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Protecting Your Prostate

November03/ 2017

African Americans: At Higher Risk for Prostate Cancer ~ October 05, 2012—Of the more than 242,000 American men who will be diagnosed with prostate cancer and the 28,000 who will die as a result of it this year, a disproportionate number of African-American men will be represented in each group. The disparity is eye opening: African-American men are nearly 1.6 times more likely to be diagnosed with prostate cancer than Caucasian men and 2.4 times more likely to die from the disease.
Although scientists do not yet fully understand why prostate cancer incidence and death rates are higher within the Africa-American population, it is widely believed that a combination of factors and disparities likely play a combinative role in the statistics, and in some cases, create a perfect storm for diagnosis of aggressive disease.

“Despite ongoing controversies concerning the benefit of prostate cancer screening and treatment of localized disease, prostate cancer continues to be the second most common cause of cancer deaths in the United States. In addition to the thousands of men that die from prostate cancer each year, many more will deal with the debilitating consequences that occur when the cancer spreads to other areas of the body, most commonly the bone, resulting in severe pain, fractures, and other serious medical complications,” says Isla Garraway, MD, PhD, a prostate cancer researcher at UCLA.

“African-American men, in particular, display increased risk of suffering and death from prostate cancer, compared to men of other ancestral backgrounds. Black men are more likely to be diagnosed with prostate cancer, are diagnosed at a younger age, display larger tumors, and are more than twice as likely to die from prostate cancer that has spread throughout the body than white males ,” adds Garraway.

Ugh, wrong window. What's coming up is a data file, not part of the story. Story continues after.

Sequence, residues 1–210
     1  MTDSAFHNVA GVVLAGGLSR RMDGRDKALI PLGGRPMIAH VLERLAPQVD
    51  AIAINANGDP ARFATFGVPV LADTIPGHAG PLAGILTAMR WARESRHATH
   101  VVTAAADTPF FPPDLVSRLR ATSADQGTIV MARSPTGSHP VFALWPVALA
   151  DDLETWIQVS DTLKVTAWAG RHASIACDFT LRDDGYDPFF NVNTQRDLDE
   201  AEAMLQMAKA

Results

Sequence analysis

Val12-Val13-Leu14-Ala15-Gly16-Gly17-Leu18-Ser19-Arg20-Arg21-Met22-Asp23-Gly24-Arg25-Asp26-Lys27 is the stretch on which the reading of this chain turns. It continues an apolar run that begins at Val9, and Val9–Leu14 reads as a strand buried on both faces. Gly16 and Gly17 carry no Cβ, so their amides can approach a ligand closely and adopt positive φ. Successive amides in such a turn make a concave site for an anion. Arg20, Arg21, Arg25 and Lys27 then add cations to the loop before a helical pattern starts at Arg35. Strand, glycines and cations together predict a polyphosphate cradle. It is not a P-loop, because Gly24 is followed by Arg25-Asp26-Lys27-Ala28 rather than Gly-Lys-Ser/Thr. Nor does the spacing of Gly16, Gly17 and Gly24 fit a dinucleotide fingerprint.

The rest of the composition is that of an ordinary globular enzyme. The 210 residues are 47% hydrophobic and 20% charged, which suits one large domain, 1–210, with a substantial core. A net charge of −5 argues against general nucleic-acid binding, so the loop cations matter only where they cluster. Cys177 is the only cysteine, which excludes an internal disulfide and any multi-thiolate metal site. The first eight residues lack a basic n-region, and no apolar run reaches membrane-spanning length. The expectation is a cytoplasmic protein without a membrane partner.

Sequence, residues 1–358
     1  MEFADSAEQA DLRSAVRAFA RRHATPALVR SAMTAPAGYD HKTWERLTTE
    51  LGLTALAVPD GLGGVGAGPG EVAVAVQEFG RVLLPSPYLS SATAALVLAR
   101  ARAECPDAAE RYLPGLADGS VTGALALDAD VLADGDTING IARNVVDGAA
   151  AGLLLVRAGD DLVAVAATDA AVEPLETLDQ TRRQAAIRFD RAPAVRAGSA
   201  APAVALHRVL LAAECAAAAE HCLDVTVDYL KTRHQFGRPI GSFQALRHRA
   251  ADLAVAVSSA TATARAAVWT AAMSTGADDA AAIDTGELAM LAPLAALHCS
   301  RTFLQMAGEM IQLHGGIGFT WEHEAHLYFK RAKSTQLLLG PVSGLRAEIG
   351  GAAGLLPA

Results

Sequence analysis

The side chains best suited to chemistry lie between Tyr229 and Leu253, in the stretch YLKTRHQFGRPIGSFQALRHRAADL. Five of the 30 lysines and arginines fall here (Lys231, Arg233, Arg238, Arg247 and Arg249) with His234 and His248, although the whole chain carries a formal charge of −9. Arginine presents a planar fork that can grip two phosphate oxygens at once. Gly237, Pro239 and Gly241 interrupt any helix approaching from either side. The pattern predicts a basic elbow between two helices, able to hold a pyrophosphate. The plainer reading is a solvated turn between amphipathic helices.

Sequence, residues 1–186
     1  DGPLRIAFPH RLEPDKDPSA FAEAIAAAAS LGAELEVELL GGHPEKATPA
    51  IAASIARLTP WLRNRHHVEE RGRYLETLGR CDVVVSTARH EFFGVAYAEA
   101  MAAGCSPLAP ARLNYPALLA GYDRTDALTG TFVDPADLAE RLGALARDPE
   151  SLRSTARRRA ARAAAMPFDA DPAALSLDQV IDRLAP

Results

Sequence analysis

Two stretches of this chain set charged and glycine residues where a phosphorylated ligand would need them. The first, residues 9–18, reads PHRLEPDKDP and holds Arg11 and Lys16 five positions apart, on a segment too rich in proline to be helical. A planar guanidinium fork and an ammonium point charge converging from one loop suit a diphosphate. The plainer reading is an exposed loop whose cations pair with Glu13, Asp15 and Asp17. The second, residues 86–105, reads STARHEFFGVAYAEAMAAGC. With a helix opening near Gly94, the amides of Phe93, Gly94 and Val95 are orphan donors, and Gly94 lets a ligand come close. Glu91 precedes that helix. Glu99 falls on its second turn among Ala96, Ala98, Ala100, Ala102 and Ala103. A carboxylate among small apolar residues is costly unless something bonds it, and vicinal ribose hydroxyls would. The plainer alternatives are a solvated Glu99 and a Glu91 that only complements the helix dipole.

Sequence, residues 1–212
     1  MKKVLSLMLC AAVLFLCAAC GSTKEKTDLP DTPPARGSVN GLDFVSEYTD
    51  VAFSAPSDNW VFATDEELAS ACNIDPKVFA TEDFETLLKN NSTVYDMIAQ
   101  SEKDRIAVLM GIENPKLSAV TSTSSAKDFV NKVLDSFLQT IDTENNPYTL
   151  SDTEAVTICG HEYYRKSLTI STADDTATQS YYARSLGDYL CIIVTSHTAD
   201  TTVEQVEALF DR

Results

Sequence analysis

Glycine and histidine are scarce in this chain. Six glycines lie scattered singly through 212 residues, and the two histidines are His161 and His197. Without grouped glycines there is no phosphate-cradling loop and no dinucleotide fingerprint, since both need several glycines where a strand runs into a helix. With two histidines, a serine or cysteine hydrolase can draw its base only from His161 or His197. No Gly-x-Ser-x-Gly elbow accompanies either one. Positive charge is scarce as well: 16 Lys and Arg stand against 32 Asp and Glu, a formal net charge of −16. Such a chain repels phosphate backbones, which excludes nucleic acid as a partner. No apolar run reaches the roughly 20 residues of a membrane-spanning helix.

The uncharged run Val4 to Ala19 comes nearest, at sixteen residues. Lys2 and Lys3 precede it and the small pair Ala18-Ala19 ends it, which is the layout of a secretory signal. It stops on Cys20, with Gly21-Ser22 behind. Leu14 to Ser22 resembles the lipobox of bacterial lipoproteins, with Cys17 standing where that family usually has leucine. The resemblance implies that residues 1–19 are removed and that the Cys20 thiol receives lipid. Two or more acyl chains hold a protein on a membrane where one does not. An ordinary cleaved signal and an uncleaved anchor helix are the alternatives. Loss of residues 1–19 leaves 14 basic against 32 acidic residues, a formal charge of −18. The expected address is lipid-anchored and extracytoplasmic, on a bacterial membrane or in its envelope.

Dr. Garraway and her brother, Levi Garraway, MD, PhD at the Dana-Farber Cancer Institute and Harvard University are both prostate cancer researchers funded by the Prostate Cancer Foundation (PCF). They are African-American and lost their father to the disease while in graduate school. Their loss inspired them to focus their scientific careers in prostate cancer research.

Dr. Garraway goes on to say that there are many factors that may cause these differences. Studies have shown that African-American men may have reduced access to and quality of care that may result in diagnosis and treatment of prostate cancer at later stages (after the disease has spread outside of the prostate). Other factors may be related to diet, exposures and co-existing medical conditions that influence the severity of the cancer. Finally, there may be specific differences in genes that are expressed in the prostate tissue of African-America men, resulting in increased susceptibility to the development of more aggressive disease. The key to eliminating disparities among men with prostate cancer is to understand these differences by defining relative medical, socioeconomic, and genetic contributions to prostate cancer progression. Ultimately, new tools that can predict the behavior of tumors and eliminate the spread of aggressive cancer will be illuminated, which will benefit all men.

One of the major barriers to identifying the disparity of prostate cancer among African-American men has been the lack of epidemiological studies with the inclusion of sufficient numbers of men across different races. We may also gain insight by studying the demographic shift and related increased rates of prostate cancer seen in parts of Africa. The good news is that scientists, legislators and advocacy groups are bringing new emphasis to this perplexing reality.